The question that many investors appear to be asking themselves right now is if we will see a recession – prompted by concerns that higher interest rates will undermine economic growth.
I do not know if there will be a recession in the world’s major economies this year or next, and our approach to investing is not based on trying to second guess this. What I do know is that there have always been periods of economic contraction in history. I think of it like waiting at a bus stop with no timetable – you may have absolutely no idea when the next bus will arrive, but you shouldn’t be surprised when one does appear.
For the companies that we follow I take a casual interest in broker research and, of late, I have seen many “target prices” revised down by amounts as large as 25% or more. One way, or another, these revisions are blamed on the fear of a recession causing lower earnings. I struggle to see the justification for such large changes, as surely any reasonable judgement of valuation would look far enough into the future to anticipate one or two bad years.
Moving on from bus-stop analogies, the noise of financial punditry reminds me of the sirens from Greek mythology, who lured sailors to their death with their alluring songs. The mythical Greek hero Odysseus avoided this fate by strapping himself to the mast of his boat and plugging his sailors’ ears with beeswax. I wouldn’t advocate going this far to ignore the financial news, but I do think that it requires determination not to get drawn into the short-term narrative of markets. We certainly want to be alert to changes in our environment, but do not believe that success will come from trying to make timing calls about a recession.
What were we thinking?
So far this year the performance of the fund has been helped by two distinct views that I have previously written about. I thought it was worth recapping them.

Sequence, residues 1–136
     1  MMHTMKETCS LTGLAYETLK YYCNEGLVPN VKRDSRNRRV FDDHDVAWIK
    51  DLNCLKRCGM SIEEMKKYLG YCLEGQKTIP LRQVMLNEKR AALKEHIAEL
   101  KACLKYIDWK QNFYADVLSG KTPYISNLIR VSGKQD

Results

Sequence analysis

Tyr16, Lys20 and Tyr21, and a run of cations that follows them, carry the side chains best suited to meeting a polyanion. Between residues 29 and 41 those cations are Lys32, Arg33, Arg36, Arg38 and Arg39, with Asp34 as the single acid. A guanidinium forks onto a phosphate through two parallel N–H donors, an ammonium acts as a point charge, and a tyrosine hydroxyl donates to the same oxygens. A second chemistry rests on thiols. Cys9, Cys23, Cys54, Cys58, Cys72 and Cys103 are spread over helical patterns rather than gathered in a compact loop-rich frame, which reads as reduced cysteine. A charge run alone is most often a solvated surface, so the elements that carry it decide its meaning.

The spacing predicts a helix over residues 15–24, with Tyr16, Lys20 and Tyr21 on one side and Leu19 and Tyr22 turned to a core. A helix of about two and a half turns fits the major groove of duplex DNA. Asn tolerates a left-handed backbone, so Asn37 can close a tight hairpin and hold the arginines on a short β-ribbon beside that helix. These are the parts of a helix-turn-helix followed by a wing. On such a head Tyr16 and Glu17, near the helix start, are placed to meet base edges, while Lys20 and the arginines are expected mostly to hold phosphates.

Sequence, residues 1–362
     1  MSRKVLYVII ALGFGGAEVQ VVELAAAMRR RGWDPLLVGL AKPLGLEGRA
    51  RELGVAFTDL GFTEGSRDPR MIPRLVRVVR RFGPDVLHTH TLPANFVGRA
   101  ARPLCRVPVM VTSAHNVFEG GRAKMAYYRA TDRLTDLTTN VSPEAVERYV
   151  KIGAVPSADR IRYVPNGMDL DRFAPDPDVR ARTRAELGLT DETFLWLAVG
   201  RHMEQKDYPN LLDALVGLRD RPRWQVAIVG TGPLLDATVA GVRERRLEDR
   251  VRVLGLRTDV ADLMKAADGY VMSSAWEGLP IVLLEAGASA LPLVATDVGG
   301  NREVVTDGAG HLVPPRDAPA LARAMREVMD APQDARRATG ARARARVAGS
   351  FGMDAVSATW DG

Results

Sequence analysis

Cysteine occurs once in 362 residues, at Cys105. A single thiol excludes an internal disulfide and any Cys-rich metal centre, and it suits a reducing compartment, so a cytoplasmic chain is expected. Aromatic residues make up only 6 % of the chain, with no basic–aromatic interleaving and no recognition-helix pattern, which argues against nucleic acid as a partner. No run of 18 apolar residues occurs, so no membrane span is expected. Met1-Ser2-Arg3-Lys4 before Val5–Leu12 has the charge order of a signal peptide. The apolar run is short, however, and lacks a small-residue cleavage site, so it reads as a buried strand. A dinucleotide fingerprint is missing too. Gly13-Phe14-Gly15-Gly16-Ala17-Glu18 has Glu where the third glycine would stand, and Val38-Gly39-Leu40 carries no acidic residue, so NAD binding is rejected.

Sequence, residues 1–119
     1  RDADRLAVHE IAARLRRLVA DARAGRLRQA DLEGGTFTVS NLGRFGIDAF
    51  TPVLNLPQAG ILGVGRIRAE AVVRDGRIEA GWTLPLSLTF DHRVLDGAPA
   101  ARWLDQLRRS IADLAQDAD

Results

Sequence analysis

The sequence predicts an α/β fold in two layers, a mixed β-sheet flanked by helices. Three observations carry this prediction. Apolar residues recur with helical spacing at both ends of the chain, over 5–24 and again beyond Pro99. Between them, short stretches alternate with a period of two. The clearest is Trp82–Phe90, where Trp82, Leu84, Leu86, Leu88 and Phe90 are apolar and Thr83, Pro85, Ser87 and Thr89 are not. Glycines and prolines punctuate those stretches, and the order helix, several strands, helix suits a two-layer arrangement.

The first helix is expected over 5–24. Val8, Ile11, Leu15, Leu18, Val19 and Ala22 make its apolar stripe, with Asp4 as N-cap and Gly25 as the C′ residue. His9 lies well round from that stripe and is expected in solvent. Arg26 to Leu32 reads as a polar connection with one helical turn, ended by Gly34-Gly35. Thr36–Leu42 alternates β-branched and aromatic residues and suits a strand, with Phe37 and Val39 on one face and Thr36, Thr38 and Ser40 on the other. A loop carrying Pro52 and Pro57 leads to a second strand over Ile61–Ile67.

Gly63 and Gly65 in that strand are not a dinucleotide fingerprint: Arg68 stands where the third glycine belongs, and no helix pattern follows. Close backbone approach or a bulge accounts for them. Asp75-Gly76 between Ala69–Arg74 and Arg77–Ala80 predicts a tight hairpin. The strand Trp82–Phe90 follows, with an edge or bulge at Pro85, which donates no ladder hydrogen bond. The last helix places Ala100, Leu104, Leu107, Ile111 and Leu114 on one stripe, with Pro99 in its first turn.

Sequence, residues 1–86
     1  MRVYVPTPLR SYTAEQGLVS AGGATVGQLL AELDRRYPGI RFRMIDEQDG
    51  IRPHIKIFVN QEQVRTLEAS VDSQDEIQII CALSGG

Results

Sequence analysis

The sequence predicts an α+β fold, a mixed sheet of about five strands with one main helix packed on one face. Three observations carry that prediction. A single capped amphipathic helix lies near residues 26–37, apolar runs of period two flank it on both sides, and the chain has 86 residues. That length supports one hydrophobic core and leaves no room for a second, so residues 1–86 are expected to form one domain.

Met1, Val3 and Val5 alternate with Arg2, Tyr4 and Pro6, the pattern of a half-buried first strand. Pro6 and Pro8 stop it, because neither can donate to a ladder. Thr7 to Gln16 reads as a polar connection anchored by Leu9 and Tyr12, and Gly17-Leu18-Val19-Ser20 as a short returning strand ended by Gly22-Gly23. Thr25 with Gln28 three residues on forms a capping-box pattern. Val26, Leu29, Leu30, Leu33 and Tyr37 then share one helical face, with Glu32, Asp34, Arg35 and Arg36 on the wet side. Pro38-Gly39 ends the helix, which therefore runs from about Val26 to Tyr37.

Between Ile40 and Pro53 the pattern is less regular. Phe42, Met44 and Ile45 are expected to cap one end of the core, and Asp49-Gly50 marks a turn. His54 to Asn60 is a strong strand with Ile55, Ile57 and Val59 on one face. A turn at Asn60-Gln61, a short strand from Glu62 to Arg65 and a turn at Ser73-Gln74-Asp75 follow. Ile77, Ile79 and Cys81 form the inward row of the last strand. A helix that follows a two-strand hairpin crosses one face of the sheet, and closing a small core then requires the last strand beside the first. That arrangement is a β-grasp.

In my first quarter 2021 investor letter I wrote about our growing concern that the amount of money that central banks and governments were injecting into their economies would cause higher inflation.
While we do not make investment decisions based on macro-economic forecasts, we do want to own a portfolio that will be robust to perceived threats. In this case we made efforts to consider the impact of higher levels of inflation on our holdings, and those companies engaged in the primary production of energy, food and gold have “held up” as we had hoped, as the threat became a reality.
In my year end 2020 letter I set out the case for financial markets being in a bubble, having shared our analysis in my Q3 2020 letter on the evidence for much of the outperformance of “growth” over “value” being driven by price earnings multiple expansion.
There have been two distinct types of “growth” company that investors have been pursuing. The first are companies, with no profits, where the value placed on them is based on a belief about the distant future. The second being companies that are highly profitable, but where investors have paid ever higher premiums to own them. In broad terms both types of growth company have seen price falls this year, with the former being impacted more than the latter. Our valuation driven approach has helped us avoid the worst of this excess.
Before I start to sound too clever, we know full well that our abilities as investors can only reasonably be judged based on our long-term track record. Nonetheless it is gratifying to feel that our analytical investment views have been shown to have merit.
Matthew Beddall, CEO and Fund Manager